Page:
I grew up in a quiant town in North East India but subscribed to many periodicals of Calcutta (late seveties) and read many translations of classics in Bengali. Most of the translations were excellent. Later I came to know that the translators were doing this as a hobby and not with the slightest aspiration of buying a posh flat in Calcutta’s gated communities. They did this because they loved it. They introduced me to Captain Nemo, Sherlock Holmes, Edmond Dantes, David Copperfield, Professor Moriarty, James Jeans, Neville Cardass and many others.

Without these Bengali translators of Calcutta, my Life would have been of such abject poverty that I would have remained as poor as a typical Cadre of Contemporary Calcutta even though the whole city would have been owned by me or my co-gangs in various forms.

What did these Bengalis get for their work ? A pittance as far as book sales are concerned because the typical Bengali publisher generally denies the author his/her due.

But they have the ever lasting gratitude of men and women of our generation. I more I grow my gratitude seems to increase for these people who made me unthinkably rich. Rich beyond any bania driven culture’s estimation of riches.

I thought of asking these busy, well-paid, well-dressed and apparently doing well gentlemen of Bengali origin : After thirty years, how many people are going to be in everlasting thankfulness to you for gifts you have given them ?

The answer, my friend is blowing in the Wind.

This blog has been contributed by Priram Bhattacharya. He runs his translation and communications company Wordsmith Communication and is a regular blogger anfd writes on his blog Wordsmith of Bengal.


Monday, August 16, 2010

Omar gets the shoe in Kashmir

By: Subhadeep Bhattacharjee

One of the best ways to express protest against politicians these days seems to be by throwing a shoe at them. J&K chief minister Omar Abdullah became the latest victim in the shoe gate when constable Abdul Ahad Jan hurled his shoe at the CM. Omar had just finished unfurling the national flag and was in attention position as the National Anthem was being played. He now joins the elite club with former US President George Bush, Home Minister P Chidambaram, Pakistan President Asif Ali Zadari.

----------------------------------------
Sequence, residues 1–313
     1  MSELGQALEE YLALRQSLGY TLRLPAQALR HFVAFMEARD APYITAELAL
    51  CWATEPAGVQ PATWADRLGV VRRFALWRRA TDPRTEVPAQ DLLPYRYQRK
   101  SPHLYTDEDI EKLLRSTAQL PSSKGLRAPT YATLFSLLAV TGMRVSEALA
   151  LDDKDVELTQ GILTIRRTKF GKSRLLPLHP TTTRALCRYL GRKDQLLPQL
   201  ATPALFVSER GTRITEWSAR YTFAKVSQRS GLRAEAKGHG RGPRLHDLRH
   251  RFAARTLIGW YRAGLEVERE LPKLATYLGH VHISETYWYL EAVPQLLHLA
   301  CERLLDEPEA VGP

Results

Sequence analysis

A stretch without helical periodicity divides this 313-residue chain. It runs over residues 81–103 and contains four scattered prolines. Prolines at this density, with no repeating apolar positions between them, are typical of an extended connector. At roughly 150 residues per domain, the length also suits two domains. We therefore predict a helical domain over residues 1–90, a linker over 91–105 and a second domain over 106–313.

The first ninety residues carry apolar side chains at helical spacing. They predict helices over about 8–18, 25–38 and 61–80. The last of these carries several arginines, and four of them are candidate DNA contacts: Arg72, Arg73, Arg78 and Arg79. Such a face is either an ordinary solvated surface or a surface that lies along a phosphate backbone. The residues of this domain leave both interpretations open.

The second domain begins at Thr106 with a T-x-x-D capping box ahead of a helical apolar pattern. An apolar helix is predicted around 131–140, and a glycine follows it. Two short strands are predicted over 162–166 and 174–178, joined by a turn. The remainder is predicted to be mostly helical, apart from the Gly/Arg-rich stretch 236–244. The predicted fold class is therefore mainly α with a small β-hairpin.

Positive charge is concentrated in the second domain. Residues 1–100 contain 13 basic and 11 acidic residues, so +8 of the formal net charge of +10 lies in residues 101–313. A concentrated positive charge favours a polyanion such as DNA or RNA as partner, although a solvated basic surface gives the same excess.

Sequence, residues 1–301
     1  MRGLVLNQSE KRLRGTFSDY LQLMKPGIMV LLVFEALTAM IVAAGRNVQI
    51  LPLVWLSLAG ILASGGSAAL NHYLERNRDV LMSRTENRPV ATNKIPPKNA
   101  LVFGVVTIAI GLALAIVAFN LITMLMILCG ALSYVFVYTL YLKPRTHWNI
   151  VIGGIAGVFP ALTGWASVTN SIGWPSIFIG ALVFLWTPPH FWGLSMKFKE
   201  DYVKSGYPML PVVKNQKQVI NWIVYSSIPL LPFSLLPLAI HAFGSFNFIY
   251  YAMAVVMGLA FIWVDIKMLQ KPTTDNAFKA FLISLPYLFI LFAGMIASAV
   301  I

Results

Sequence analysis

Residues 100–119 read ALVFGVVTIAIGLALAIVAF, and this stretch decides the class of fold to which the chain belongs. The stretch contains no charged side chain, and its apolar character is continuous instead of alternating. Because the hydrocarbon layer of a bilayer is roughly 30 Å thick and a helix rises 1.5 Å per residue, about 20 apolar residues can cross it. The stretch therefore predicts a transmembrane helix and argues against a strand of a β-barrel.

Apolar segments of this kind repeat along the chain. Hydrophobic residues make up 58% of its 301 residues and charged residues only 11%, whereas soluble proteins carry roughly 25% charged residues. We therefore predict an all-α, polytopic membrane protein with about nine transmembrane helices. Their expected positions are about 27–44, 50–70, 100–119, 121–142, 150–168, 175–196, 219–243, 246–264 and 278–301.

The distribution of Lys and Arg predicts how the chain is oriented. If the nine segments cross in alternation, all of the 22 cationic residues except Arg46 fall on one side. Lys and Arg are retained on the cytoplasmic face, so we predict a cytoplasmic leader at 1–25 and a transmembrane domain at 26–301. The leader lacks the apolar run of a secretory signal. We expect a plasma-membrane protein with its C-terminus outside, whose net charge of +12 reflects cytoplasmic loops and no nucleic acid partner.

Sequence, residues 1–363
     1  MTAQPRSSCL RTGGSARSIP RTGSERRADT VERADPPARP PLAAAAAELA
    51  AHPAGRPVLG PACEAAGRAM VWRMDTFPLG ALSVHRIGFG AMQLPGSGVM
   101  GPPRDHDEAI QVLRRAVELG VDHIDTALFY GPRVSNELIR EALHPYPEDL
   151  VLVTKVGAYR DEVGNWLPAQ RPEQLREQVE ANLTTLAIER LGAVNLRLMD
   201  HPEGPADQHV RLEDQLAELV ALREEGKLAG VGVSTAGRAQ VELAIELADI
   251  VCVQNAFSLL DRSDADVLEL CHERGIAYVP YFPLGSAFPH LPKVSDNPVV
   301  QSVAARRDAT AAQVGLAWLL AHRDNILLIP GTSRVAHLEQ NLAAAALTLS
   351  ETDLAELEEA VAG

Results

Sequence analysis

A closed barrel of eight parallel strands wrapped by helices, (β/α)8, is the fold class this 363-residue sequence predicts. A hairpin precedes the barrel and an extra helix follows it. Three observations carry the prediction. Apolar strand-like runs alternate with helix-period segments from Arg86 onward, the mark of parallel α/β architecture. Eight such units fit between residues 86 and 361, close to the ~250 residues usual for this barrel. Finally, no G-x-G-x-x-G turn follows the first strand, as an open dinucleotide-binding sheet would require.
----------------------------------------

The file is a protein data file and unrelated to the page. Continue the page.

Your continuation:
In all these cases the shoe thrower have been hailed by the people who have had their recent against these leaders. Jan who is said to be a mentally disturbed cop as been hailed by people who have been agitating in the valley for over two months now. The protest which have claimed close t50 lives have exposed incompetence of the J&K government. Omar who does the most thankless job in the world (being J&K's CM) has been criticised for his actions or rather in-actions in the last few months.

For the protestors it is perhaps the best way to register their protest against the government but does very little to change governmental policies. Abdul Ahad Jan might have done personally done himself a lot of good but he has put a slap on Kasmi's face in front of the entire country. In the last two months Kashmir has been in the news for all the wrong reasons and this incident will do very little to get rid of the bad publicity.

These sort of incidents have no place in a democracy, if one still exists in Kashmir valley thanks to the two Ms militancy and military. The Kashmiri seperatists leaders might hail this act but this will hardly make any change in Kashmir. A few frontpage headlines will be published on the issues and it will find place in a few blogs of people like mine. Where is the achievement in all this?

One thing it will surely do is make the leaders more inaccessible to the ordinary Kashmiris. It is easy for the security forces to chek for bombs and grenades in such places than to judge the intent of a person to throw a shoe. It is high time people in Kashmir realise that they alone are responsible for how their community is looked at by the world. Weather they want to be looked as dwellers of a beautiful place of secessionists as many people drub then. The choice lies with Kashmiris